Editor’s Note: Mike will reveal how you can have the best looking lawn in the neighborhood without Bay-killing chemicals at 1 p.m. on Saturday, April 21 at the original Homestead Gardens in Davidsonville, Md. On Sunday, April 22, he’ll teach you how to grow your best tomatoes ever at 1 p.m. at the new Homestead location in Severna Park.
Next Saturday, April 28, Mike will appear at 11 a.m., 1 p.m. and 3 p.m. at the Home Show in Ocean Pines, Md. On Sunday, April 29, Mike will be at the Tomatomania celebration at the new Greenstreet Gardens location in Alexandria.
Jan in Annapolis writes: “I have more dandelions in my lawn than anyone else in the neighborhood. They’re using treatments that I’m sure aren’t good for the Bay, and I’m tempted to do the same. Help!!”
First, take a chill pill, Jan. They’re flowering plants, not homicidal maniacs — at least, the dandelions aren’t. Soak the lawn well — it makes weeds super-easy to remove — and then use a device like the Weed Hound that pops the plants out of the ground, roots and all, while you remain standing. Another good option is the Water-Powered Weeder from Lee Valley Tools. It uses a super-sharp burst of water to blow the weeds out of the ground, roots and all — again, while you remain standing. Or, use a flame weeder, like Bernzomatic’s Yard & Garden Torch, to singe the flowers before they can go to the puffball stage.
Then, do not cut your lawn below three inches this summer and plan to aerate the turf this fall. Dandelions are a sure sign of scalped lawns and heavily compacted soil.
Lynn in Rockville writes: “My hydrangeas were starting to leaf out when we had that really cold frosty night, and the emerging foliage was killed. It’s leafing out again nicely now from the base and middle, but the top still looks dead. Should I prune off the dead tops or just wait and see what grows?”
This happened to virtually everyone across a 10-state region that chilly night, Lynn, including yours truly — and I now apologize to the ‘TOP listener who asked if he should cover his hydrangeas that night and I said ‘No.’ Oops.
Now, it’s really hard to predict where blooms are going to appear on hydrangeas and any pruning at this time of year can remove future flower buds. My advice is to wait until the plant’s flower heads begin to form. Then prune off any areas that still seem dead.
And, as I always advise, remove any flower-free branches that are blocking the blooms after all the flowers have appeared. That’s the best way to see the whole show.
Don’t plant tomatoes too early
David in Centreville writes: “When should I put my tomato plants into the ground?”
Not yet, David, that’s for sure. It’s still April, the nights will be frosty cold this Monday and Tuesday, and sub-freezing weather has occurred on these dates in the recent past. We’re typically not guaranteed to be frost-free until mid-May.
Besides, frost isn’t the only concern. Tropical plants like peppers, tomatoes, melons and cukes can be severely weakened by sitting out on cold nights, especially when the plants are young.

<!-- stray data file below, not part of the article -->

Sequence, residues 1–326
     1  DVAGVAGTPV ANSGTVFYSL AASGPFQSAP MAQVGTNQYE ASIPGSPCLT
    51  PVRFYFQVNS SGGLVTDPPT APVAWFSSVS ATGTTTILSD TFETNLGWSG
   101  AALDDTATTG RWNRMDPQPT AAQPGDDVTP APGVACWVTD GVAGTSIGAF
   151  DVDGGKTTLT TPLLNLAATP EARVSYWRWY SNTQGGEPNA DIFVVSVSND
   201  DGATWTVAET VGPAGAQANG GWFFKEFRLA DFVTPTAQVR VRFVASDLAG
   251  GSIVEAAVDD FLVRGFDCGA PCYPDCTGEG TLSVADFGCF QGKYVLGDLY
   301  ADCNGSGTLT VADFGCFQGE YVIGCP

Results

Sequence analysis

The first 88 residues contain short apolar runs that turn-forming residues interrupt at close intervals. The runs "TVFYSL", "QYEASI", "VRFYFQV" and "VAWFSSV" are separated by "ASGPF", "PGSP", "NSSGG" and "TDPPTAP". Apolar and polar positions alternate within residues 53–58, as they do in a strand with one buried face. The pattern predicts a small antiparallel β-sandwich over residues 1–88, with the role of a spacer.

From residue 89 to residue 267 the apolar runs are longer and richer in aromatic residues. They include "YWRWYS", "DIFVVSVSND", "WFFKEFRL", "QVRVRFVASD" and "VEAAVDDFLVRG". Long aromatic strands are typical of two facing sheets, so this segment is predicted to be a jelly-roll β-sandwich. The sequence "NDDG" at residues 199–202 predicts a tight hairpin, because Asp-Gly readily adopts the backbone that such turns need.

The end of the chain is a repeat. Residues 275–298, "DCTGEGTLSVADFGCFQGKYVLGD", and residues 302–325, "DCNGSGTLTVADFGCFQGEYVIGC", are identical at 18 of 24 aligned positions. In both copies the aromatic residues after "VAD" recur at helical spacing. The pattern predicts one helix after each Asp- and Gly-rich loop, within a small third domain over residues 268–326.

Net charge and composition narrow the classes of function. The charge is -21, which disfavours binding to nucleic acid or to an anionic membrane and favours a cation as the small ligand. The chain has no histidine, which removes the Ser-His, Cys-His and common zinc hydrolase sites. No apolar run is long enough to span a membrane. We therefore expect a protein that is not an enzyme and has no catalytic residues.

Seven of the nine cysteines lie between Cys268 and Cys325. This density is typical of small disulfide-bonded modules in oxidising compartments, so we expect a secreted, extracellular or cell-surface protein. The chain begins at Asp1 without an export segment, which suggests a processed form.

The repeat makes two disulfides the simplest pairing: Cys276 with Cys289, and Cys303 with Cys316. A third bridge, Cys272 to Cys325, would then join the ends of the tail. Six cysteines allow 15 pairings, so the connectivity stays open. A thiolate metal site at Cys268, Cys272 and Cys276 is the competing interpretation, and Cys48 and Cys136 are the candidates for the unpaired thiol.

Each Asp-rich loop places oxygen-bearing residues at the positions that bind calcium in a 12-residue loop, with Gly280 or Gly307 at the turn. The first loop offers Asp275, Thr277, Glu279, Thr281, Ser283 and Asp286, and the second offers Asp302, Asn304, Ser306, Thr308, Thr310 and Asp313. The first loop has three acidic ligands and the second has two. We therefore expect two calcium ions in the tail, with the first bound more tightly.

Wait until you turn the calendar page to May, and then wait until the 10-day forecast shows night temperatures staying reliably in the 50s. In the meantime, you can take the plants out on warm and sunny days. You can even leave them out on warm nights. Just be sure to bring them back inside on cool nights.
Get birds to eat your bugs
Patricia from Greenbelt writes: “Tell your listeners who have veggie gardens to put in a bird bath. The birds who use it will patrol the garden constantly for bugs. The bath has to be emptied on a regular basis to prevent mosquitoes from breeding in the water, but I just dump the old water right onto the garden.”
Thanks, Patricia. I’m pleased to report that I’ve been tossing this advice around for decades. Many birds, like wrens, chickadees, the nuthatch and the titmouse, are full-time carnivores who eat bugs for a living. The best way to attract them to devour your garden pests is with birdbaths in the center of that garden, as fresh water is often scarce in the summer. Heck, it’s been scarce this spring.
But don’t put out any birdseed or bird feeders. You want your feathered friends to eat bugs, not seed. And seed feeders attract mice, rats, voles and Evil Squirrels.
Jim in Woodbridge writes: “I have eight boxwoods; four on each side of my front door. The ones on the right get a lot of sun and are healthy and large. But the ones on the left are much smaller and a paler shade of green. Is it because they don’t get as much sun due to a large maple tree in the center of the yard?”
Shade isn’t the only issue in these situations, Jim. Big trees also steal water and nutrients from nearby plants. But you might be a contributing cause. Boxwood requires a slightly alkaline soil, but people sometimes mistakenly give their boxwood a plant food that acidifies the soil, like Holly-Tone, because the products often say on the label that they’re good for ‘all evergreens’. Boxwood is the exception to that rule.
Try dusting some lime or wood ash around the scrawny plants to raise the soil pH, especially if you have so offended.
Remove any wood or bark mulch if it’s down there.
Do mulch all of the plants with an inch of compost — but no deeper than an inch. Boxwood has sensitive roots.
(Note: There is no such word as “boxwoods.” It’s just ‘boxwood’ no matter the number of plants.)